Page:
Job Demands × Job Control Interaction Effects: Do Occupation-specific Job Demands Increase their Occurrence?
Article first published online: 10 OCT 2013
Copyright © 2013 John Wiley & Sons, Ltd.
How to Cite
Brough, P. and Biggs, A. (2013), Job Demands × Job Control Interaction Effects: Do Occupation-specific Job Demands Increase their Occurrence?. Stress and Health. doi: 10.1002/smi.2537
- Article first published online: 10 OCT 2013
- Manuscript Accepted: 2 SEP 2013
- Manuscript Revised: 10 JUL 2013
- Manuscript Received: 5 MAR 2013
- job demands;
- job satisfaction;
- psychological strain;
- work engagement;
- turnover intentions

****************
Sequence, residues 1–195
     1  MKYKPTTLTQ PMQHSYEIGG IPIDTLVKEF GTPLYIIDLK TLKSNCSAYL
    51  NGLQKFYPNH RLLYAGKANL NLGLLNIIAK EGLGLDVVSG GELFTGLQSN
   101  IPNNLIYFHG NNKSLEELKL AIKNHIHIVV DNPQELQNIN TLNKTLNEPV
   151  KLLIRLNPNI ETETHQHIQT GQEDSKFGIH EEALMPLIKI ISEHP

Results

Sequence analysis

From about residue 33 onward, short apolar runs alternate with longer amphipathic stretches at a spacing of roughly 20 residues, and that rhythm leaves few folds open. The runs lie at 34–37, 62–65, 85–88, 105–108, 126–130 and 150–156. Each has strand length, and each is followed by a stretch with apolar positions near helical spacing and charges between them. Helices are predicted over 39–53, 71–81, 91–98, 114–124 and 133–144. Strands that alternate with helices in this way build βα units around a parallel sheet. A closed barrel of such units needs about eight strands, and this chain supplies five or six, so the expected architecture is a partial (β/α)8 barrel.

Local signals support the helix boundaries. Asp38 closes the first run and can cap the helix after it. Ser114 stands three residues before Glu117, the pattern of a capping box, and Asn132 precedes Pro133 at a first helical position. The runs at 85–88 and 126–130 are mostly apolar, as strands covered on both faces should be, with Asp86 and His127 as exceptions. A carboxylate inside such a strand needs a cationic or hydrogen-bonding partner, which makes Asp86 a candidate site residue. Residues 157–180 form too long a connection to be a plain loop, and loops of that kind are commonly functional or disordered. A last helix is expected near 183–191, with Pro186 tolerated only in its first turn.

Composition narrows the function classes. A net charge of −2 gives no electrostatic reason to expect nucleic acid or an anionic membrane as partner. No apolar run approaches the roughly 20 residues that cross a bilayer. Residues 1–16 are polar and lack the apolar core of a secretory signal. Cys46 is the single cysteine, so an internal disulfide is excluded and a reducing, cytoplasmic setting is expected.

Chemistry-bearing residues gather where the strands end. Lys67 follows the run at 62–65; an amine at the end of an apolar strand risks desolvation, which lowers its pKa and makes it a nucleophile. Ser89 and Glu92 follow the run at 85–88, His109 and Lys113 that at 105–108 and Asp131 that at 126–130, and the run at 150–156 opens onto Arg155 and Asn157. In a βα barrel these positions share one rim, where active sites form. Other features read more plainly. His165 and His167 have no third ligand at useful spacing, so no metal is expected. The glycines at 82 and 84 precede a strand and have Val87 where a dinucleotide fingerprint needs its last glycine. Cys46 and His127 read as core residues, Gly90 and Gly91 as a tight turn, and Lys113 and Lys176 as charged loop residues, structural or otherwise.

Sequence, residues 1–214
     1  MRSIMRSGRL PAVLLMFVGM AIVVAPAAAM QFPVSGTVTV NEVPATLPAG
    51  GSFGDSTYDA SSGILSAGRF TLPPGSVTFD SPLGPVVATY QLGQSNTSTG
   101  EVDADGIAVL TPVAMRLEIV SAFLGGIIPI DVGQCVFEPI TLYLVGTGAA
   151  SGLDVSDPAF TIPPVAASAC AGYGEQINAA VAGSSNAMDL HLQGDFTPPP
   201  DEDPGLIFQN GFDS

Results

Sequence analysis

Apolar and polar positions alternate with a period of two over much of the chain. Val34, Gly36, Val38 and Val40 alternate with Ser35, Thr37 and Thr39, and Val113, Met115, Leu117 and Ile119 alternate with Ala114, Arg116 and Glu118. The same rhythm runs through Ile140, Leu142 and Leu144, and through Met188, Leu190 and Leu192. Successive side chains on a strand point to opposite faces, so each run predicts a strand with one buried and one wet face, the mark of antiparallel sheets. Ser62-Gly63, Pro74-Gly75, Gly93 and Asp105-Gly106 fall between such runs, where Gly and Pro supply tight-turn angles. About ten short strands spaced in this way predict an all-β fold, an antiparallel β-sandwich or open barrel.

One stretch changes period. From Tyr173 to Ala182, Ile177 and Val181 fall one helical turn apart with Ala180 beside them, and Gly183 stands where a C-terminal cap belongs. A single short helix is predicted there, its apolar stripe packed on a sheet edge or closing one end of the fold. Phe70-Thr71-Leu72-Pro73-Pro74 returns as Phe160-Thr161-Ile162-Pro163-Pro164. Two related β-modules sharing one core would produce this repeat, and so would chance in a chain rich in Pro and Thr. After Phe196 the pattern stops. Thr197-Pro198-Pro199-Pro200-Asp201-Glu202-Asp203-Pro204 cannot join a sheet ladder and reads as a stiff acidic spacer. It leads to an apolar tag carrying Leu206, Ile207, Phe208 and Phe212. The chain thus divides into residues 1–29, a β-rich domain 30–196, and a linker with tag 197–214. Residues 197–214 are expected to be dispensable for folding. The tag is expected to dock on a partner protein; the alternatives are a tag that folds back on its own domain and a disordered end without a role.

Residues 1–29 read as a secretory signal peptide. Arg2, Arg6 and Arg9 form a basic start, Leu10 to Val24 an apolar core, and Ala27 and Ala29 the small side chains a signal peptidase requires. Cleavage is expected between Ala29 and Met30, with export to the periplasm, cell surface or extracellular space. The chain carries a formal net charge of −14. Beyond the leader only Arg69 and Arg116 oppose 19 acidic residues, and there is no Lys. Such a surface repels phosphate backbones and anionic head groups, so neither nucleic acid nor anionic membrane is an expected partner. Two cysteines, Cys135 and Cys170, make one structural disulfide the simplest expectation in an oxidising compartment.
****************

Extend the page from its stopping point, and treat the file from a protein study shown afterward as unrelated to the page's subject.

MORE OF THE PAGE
Despite evidence that the accurate assessment of occupational health should include measures of both generic job demands and occupation-specific job demands, most research includes only generic job demands. The inclusion of more focused occupation-specific job demands is suggested to explain a larger proportion of variance for both direct effects and job demands × job control/support interaction effects, as compared with the inclusion of generic job demands. This research tested these two propositions via a self-report survey assessing key psychological job characteristics administered twice to a sample of correctional workers (N = 746). The research clearly identified that the assessment of correctional-specific job demands (CJD) was more strongly associated with job satisfaction, work engagement, turnover intentions and psychological strain, as compared with an assessment of generic job demands. However, the CJD did not produce a greater proportion of significant job demands × job control/support interaction effects, as compared with the generic job demands measure. The results thereby provide further support for the acknowledged ‘elusiveness’ of these theoretical interactions. Overall, however, the results did support the inclusion of occupation-specific measures of job demands for the accurate assessment of the health and job performance of high-risk workers. The implications for theoretical discussions that describe how high job demands are moderated by job resources are discussed. Copyright © 2013 John Wiley & Sons, Ltd.